Hate Crime Records Spike in the UK, Government Report

Francis Osborne
October 20, 2017

United Kingdom authorities say hate crimes spiked after Britain's vote to leave the European Union and following several extremist attacks this year, raising concerns about a backlash against Muslims, immigrants and others groups.

There were 80,393 hate crimes recorded in England and Wales in the past year, compared to 62,518 the year before. The report notes that there was a spike in the number of racially or religiously aggravated offenses after the Westminster Bridge terrorist attack in March, when a man killed 5 people after driving a vehicle into pedestrians and stabbing a police officer.

Despite the rise in offenses, prosecutions for hate crimes actually declined in the year to 2016/2017, from 15,442 to 14,480 people.

Director of Public Prosecutions Alison Saunders said: "The drop in referrals recorded a year ago has impacted on the number of completed prosecutions in 2016-17".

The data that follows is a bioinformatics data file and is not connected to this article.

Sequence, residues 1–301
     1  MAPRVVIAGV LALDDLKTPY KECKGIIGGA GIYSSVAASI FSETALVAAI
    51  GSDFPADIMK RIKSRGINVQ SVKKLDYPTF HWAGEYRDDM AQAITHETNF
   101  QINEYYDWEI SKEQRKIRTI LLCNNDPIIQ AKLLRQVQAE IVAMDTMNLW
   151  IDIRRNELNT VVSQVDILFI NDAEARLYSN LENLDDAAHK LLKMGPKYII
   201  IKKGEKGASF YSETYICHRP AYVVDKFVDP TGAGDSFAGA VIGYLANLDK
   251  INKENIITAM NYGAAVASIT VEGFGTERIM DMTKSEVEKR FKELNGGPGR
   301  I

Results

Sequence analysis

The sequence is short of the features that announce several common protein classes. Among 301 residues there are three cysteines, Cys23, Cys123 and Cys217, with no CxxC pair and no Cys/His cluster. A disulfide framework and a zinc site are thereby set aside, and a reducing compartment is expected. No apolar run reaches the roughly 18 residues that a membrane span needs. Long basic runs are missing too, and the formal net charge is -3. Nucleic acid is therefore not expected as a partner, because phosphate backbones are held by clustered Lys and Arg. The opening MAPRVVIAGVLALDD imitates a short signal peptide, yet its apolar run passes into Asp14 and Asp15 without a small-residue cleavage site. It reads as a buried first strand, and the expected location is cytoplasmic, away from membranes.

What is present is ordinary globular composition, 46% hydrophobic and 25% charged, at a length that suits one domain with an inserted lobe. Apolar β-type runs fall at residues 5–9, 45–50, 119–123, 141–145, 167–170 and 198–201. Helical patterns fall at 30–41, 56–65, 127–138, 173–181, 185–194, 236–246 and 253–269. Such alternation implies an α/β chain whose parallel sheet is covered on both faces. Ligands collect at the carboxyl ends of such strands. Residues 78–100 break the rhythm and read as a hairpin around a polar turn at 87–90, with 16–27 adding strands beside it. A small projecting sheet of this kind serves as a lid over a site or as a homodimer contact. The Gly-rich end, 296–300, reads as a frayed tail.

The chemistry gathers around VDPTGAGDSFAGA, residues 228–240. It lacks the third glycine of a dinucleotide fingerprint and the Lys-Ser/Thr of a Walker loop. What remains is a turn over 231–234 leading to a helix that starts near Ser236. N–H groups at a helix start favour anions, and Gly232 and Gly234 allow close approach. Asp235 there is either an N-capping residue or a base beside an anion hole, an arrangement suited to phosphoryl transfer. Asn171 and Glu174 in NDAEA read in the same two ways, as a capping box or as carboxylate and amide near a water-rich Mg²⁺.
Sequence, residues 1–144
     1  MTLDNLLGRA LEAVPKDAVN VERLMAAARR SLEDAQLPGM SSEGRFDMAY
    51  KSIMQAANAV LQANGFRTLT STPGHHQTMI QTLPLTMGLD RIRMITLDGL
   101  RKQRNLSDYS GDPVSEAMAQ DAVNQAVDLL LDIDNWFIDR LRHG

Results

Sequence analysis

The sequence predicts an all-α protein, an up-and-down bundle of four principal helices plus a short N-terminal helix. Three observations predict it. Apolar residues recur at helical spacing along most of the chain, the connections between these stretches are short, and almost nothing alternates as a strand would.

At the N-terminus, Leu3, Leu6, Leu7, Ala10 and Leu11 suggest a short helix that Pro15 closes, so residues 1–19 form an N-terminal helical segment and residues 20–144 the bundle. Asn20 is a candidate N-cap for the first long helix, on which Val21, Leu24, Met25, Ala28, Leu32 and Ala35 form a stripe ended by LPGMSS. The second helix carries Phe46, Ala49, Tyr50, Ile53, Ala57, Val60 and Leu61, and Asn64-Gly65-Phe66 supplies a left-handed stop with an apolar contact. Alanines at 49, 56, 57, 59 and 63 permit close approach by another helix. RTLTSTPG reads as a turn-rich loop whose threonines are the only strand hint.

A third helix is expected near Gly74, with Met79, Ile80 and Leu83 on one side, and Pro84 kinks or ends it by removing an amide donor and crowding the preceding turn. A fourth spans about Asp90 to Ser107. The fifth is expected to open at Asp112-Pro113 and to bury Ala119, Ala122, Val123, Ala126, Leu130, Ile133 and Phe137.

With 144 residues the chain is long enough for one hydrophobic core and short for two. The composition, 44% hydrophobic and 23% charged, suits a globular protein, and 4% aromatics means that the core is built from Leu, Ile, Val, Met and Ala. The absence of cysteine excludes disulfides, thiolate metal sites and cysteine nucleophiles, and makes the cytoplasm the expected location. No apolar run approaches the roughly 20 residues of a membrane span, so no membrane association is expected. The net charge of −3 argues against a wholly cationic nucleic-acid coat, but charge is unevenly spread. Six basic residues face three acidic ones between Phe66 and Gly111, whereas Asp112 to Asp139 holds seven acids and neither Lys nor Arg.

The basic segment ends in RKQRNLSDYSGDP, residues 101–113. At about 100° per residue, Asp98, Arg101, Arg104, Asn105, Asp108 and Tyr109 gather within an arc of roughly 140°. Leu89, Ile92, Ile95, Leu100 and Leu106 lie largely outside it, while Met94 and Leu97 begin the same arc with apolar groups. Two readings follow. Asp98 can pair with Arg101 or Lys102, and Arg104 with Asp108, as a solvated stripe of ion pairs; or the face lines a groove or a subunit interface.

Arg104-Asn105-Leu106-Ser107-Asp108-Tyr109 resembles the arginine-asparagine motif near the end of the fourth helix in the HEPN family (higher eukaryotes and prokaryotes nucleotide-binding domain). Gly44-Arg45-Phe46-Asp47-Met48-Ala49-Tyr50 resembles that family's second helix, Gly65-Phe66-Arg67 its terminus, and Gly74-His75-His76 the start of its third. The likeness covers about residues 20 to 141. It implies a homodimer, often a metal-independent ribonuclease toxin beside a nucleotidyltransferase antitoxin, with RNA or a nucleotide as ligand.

Hate crime rose 29 per cent in the United Kingdom following terror attacks earlier this year, the Home Office has said, as higher levels of victim reporting drove figures up.

"And we are working with the police at a local and national level to understand the reasons for the overall fall in referrals in the past two years".

Google Photos now recognises your pets as people
Once you've finished tagging those shots, calling up pictures of an individual pet will be as simple as typing in his or her name. In such case, Google suggests users to have a look at the app and remove photos of a misgrouped pet.

The official figures showed that there were 80,393 offences recorded by police in 2016/17, an increase from 62,518 hate crimes recorded in 2015/16.

This peak was higher than the previous monthly peak of 5,500 in July 2016, seen in the aftermath of the referendum in favour of Briatain's exit or "Brexit" from the European Union (EU).

Yet, back in 2007-08, when the CPS began compiling the report, just 2.9 per cent of case related to these protected categories.

As hate crimes are intrinsically linked to someone's identity - race, nationality or faith are the main factors - when these identities intersect it makes certain groups even more vulnerable to attacks, such as visibly Muslim women.

"Sentence uplifts are important because they demonstrate that the CPS has built the case effectively, the hate crime element has been recognised and the perpetrator has received a more severe sentence as a result".

Other reports by TheDailyFarc

Discuss This Article